Directed by Michael Sarnoski.
Starring Nicolas Cage, Alex Wolff, Adam Arkin, Nina Belforte, Gretchen Corbett, Dalene Young, Darius Pierce, and Cassandra Violet.
A truffle hunter who lives alone in the Oregonian wilderness must return to his past in Portland in search of his beloved foraging pig after she is kidnapped.
On paper it might sound like just another entry into the growing pantheon of ridiculous Nicolas Cage-starring action flicks, but Pig, the feature debut of writer-director Michael Sarnoski, is not at all to be trifled with.
Those expecting John Wick-on-bath-salts or something close to the neon-splashed insanity of Mandy are sure to be left puzzled, if not underwhelmed by what is ultimately a sublimely restrained, frequently surprising piece of work, bearing only the most basic, superficial similarities to the aforementioned projects.
Pig is probably closer to the David Gordon Green film Joe than anything else Cage has appeared in this past decade, a solemn yet occasionally hilarious and beguilingly profound drama following reclusive chef Robin (Cage), who ventures on a quest to retrieve his beloved truffle pig after she’s kidnapped in a violent raid.
What follows isn’t so much a roaring rampage of revenge as it is a quiet, brooding character piece which sees Cage ditch the expected gun for a chef’s blade. Food is his weapon, and despite having spent many years eking out a quiet life in the Oregonian backwoods, he’s lost none of his near-supernaturally disarming culinary skills.
The story unfolds over three delineated chapters, separated with intertitles such as “rustic mushroom tart” and “a bird, a bottle, and a salted baguette,” a choice which might play as pretentious in a less persuasively serious film, yet Sarnoski’s exceptional tonal control ensures there’s never any danger of the mood escaping him or his cast.
At its core, Pig is a fascinatingly bizarre, blackly comedic plunge into the underworld of Portland’s fine dining industry, with detours ranging from underground fight clubs to encounters with meth-heads. If Sarnoski zeroes in on any one thematic, it’s surely tearing down the pompous, effete mores of high-priced restaurateurs, so keen to deconstruct and reinvent the very experience of eating as to possibly also strip the entire joy out of it.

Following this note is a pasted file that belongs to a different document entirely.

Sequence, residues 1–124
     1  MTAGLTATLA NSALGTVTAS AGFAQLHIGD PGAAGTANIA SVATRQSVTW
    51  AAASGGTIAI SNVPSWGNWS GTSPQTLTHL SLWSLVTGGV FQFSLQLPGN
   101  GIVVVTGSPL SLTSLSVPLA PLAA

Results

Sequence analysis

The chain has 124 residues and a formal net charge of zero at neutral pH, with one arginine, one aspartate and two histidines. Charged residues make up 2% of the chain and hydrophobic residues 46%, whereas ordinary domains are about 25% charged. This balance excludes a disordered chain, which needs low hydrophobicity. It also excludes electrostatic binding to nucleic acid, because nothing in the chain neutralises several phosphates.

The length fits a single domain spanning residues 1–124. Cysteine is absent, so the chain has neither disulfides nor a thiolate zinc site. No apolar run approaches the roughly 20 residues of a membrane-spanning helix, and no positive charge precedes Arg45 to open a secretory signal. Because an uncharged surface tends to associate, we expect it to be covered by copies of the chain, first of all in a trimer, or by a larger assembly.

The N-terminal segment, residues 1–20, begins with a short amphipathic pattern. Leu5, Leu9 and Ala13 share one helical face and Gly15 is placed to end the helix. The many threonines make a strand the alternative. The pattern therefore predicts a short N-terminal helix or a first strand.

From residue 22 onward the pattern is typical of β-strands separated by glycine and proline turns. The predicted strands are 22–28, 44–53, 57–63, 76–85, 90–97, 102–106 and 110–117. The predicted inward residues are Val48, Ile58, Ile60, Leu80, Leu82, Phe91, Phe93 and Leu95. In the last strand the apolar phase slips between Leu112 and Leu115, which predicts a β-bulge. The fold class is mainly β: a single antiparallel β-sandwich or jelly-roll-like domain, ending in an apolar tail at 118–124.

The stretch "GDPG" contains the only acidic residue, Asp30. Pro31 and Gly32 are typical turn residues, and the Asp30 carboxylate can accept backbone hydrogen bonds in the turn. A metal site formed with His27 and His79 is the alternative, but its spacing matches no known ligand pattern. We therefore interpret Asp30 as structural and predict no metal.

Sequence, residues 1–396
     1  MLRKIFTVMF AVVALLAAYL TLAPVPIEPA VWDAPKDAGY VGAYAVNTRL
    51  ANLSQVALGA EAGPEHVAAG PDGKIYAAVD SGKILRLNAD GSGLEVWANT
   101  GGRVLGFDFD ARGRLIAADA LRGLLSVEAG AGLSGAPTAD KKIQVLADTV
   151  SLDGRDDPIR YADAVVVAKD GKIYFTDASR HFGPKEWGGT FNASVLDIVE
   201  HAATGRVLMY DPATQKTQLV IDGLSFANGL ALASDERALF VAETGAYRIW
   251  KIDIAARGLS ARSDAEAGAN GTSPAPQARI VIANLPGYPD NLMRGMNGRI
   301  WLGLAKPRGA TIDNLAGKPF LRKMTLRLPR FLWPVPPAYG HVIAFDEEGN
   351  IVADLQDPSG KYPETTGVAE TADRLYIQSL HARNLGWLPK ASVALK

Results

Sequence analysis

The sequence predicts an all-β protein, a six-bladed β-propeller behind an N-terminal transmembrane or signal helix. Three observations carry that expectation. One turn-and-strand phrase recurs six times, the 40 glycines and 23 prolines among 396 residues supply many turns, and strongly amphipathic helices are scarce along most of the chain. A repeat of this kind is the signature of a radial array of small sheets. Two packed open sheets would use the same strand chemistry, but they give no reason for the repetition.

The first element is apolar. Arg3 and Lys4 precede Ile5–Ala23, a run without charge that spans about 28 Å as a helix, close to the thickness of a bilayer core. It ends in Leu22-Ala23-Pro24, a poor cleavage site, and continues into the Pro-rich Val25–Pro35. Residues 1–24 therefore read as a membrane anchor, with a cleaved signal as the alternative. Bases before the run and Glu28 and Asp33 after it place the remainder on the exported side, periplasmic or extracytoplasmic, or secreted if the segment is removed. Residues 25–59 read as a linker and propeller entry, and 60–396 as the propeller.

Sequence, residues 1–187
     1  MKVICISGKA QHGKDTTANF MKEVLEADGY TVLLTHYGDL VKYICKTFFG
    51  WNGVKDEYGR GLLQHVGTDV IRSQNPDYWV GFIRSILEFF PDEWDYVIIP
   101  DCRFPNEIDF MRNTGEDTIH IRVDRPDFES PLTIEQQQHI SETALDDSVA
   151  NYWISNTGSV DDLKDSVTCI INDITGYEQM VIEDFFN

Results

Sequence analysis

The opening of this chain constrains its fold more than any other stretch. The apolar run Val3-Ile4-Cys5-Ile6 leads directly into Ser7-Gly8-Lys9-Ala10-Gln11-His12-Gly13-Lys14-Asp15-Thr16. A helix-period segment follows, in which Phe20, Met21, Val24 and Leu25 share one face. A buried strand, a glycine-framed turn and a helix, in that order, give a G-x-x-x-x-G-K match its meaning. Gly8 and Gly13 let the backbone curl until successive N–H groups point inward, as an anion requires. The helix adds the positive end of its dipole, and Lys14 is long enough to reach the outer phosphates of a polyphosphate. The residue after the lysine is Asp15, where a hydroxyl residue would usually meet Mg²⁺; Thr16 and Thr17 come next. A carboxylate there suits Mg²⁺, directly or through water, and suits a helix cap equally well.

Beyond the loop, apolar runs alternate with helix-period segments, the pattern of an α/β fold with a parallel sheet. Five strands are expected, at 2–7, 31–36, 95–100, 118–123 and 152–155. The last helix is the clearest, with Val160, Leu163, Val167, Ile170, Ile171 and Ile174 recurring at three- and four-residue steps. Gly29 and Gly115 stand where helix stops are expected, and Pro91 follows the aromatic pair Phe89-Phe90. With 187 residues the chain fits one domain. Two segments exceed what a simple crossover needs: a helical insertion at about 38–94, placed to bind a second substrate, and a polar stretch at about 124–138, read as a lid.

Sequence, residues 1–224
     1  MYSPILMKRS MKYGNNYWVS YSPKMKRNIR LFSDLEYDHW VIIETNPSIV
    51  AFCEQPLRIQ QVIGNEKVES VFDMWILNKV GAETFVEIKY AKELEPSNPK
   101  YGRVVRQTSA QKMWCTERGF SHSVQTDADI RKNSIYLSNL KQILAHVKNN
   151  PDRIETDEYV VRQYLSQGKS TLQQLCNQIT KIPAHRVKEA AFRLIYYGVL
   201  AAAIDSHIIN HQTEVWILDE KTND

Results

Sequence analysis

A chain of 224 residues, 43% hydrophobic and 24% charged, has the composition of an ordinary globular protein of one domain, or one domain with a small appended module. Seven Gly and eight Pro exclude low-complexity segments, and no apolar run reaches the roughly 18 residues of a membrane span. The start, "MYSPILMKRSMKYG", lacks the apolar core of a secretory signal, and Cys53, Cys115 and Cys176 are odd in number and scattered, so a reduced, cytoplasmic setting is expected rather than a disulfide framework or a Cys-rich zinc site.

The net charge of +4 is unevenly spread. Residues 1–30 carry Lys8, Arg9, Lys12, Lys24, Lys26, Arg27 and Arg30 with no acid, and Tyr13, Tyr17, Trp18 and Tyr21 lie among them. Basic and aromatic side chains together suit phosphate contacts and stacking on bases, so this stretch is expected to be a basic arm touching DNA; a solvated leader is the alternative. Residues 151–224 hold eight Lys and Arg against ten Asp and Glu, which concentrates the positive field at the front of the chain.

But really, when you get down to it, Pig is a love story, of a man giving his all to get his pig back not for the sake of economic anxiety, but pangs of the heart. Inside of a tight 92 minutes – which, paradoxically, feels both casually meditative and lightning-quick – Sarnoski and Cage convincingly sell the audience on this bond.
While the initial impression of Robin might be that he’s a mythic badass, a “boogeyman” not unlike John Wick, there’s a tremendously subdued quality to Cage’s performance, saying little but wearing years of pain behind his eyes. It’s not the most common mode for Cage, admittedly, an actor so used to turning it up to 11 that he doesn’t even know where number five is.
But Cage, a curiously underestimated performer by so many contemporary audiences, is one of the most versatile and fearless actors working today, facts proven simply by his ability to utter the phrase, “Have you heard anything about a pig?” with a straight face and make it completely plausible.
Cage is marvelous in the film’s stripped down mood-setting moments, but he’s also equally shattering in his occasional heightened asides; a loaded, apocalyptic mid-film monologue is a hypnotic masterclass in control, aided by Sarnoski’s smart decision to let the camera largely linger on his leading man uninterrupted.
Watching Cage’s Robin sit in a fancy restaurant and wax philosophical on reality, nihilism, and food itself in one astonishing prolonged sequence, without ever raising his voice no less, is one of the actor’s finest arguments for doing less of his signature freakouts. But yes, fans of the patented Nic Cage tantrum get one sure memorable moment to savour.
While Cage and his missing hog light up the screen every moment they’re on it, it’d be remiss not to give enormous credit to Alex Wolff, who is a strong scene partner as Amir, a budding young restaurant vendor who purchases fancy truffles from Robin and therefore has a vested interest in helping him retrieve his pig. Wolff is wonderfully believable as a seemingly greasy-slick power-douche who actually has far more to him than appearances suggest; a character of depth with his own well-defined hang-ups, and who forges an affecting bond with Robin.
As a filmmaking debut, Pig is an uncommonly patient and restrained feat, taking ripe advantage of Patrick Scola’s gorgeously pared-down lensing, Brett W. Bachman’s tack-sharp editing, and Alexis Grapsas and Philip Klein’s powerfully mournful musical score.
From the logline alone, Pig may seem like one thing, but the end result is so, so much more; a testament to the power of connections between living things – both human and animal – and also the soul-nourishing joy of a great meal cooked with love. Just make sure you don’t go see it on an empty stomach.
Nicolas Cage is on mesmerising peak form in this strange, tender, and expectation-defying character study.
Flickering Myth Rating – Film: ★ ★ ★ ★ / Movie: ★ ★ ★ ★
Shaun Munro – Follow me on Twitter for more film rambling.